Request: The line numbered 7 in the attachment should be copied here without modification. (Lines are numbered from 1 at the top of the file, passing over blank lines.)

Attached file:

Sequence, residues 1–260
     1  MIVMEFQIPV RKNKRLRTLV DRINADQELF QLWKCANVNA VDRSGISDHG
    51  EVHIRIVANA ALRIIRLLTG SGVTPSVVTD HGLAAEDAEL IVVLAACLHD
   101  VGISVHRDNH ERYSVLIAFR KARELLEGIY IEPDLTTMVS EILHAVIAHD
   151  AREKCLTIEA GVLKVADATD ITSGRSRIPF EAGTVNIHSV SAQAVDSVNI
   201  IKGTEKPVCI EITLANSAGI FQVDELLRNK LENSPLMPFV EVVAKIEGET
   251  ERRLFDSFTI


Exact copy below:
   251  ERRLFDSFTI